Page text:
Kudos to U.S. Sen. Chuck Schumer (D-NY) for working to improve the quality of life for Long Islanders. He recently submitted a list of more than 200 “dead zones” for cellphones on the Island to both the Federal Communications Commission and to wireless service providers and told them in no uncertain terms to get their act together. Long Island is a heavily populated area, and we deserve better coverage.
Schumer gathered his list of problem spots with the help of folks who know where they are. He established a page on his Senate website specifically for reporting poor service areas and invited residents to provide the information.
Many of us have our own mental catalog of places where our cell phones are useless, and we try to work around those dead zones.
But what if we can’t work around them? What if something happens to us in a place where there is poor service? What if you need assistance right now but have no way of obtaining it?
Sadly, we were not surprised when our requests for comments from the wireless carriers were mostly met with silence.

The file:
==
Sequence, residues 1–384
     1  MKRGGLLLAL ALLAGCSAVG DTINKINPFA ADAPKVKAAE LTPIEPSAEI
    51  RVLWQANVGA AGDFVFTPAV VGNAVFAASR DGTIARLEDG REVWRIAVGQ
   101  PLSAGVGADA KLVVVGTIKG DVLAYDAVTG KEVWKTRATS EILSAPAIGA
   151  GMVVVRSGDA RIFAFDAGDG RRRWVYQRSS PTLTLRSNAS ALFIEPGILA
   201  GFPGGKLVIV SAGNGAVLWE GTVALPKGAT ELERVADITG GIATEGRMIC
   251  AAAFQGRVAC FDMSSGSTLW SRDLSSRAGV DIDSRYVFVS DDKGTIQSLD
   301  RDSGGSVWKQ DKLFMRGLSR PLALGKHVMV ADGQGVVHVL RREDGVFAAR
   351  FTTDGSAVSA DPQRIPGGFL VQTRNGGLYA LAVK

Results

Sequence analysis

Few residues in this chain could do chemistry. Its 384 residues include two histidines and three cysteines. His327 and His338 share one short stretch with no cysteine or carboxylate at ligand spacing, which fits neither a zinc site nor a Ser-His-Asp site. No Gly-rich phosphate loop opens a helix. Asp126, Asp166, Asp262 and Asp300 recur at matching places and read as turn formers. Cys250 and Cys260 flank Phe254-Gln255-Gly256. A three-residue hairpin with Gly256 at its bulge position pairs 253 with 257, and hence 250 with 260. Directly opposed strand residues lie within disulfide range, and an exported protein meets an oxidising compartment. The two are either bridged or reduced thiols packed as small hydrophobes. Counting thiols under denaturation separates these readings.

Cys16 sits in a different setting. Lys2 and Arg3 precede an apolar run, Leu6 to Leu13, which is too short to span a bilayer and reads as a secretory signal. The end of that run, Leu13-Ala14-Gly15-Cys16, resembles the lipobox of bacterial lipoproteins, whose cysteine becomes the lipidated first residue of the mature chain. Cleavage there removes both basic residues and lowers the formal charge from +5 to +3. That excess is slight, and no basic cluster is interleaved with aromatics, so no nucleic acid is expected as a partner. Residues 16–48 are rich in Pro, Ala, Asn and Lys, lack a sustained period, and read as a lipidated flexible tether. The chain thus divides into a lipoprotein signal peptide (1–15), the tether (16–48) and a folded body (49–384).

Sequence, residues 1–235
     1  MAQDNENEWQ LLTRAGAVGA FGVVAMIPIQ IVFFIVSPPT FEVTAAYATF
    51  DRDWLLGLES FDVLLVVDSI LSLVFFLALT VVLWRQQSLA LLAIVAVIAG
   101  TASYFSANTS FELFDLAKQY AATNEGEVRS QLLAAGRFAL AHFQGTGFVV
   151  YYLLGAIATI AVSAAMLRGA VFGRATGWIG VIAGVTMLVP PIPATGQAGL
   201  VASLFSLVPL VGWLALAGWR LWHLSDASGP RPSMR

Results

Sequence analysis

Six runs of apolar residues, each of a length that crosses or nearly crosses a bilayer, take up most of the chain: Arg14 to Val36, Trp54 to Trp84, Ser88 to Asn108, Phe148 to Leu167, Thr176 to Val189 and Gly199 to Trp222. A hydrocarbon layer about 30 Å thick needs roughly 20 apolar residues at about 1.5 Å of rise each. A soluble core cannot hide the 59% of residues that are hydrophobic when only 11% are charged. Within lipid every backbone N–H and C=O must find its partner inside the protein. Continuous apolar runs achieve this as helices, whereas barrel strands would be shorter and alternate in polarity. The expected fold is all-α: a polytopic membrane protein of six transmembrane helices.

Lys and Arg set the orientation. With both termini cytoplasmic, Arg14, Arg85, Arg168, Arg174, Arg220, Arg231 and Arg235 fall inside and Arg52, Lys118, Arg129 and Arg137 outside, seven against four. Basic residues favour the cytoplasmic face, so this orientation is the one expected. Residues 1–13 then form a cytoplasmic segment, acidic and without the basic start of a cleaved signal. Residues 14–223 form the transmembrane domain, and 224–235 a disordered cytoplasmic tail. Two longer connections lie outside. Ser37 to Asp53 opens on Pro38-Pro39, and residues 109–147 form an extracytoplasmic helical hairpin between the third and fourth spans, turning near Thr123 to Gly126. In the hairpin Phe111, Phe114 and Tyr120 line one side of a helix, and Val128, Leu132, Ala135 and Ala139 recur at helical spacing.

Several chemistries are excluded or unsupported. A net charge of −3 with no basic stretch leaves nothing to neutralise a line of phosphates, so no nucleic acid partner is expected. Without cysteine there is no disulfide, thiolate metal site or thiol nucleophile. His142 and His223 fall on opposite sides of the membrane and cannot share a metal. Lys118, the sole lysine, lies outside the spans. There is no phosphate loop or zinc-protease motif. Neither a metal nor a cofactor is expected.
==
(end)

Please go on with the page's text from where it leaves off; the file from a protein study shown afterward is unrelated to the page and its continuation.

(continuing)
Just last weekend, we needed access to the many storm bulletins and the latest news in order to decide if we should stay or evacuate as Tropical Storm Hermine threatened our shores.
Our cell phones are no longer just fun accessories. They are necessities that keep us in touch and help to facilitate our lives. So we believe that Schumer is right. It’s not okay for carriers to just woo us with fabulous coverage claims. They must provide service everywhere we need it.
While we think it’s terrific that 200 plus dead zones will hopefully be addressed by the service providers, it leaves us to wonder — what about all the others? As our editorial staff read over the list, we all thought of spots in our neighborhoods that weren’t on the list, but should be.
But this is on us. We didn’t contribute to this poll. As helpful as Schumer’s plan is, it won’t solve the problem unless we too get involved.
We’re sure President John F. Kennedy (D) had bigger problems in mind when he asked the country what it can do for its government. But it fits perfectly in local cases just like this.
Our local government can only help us as much as we help it.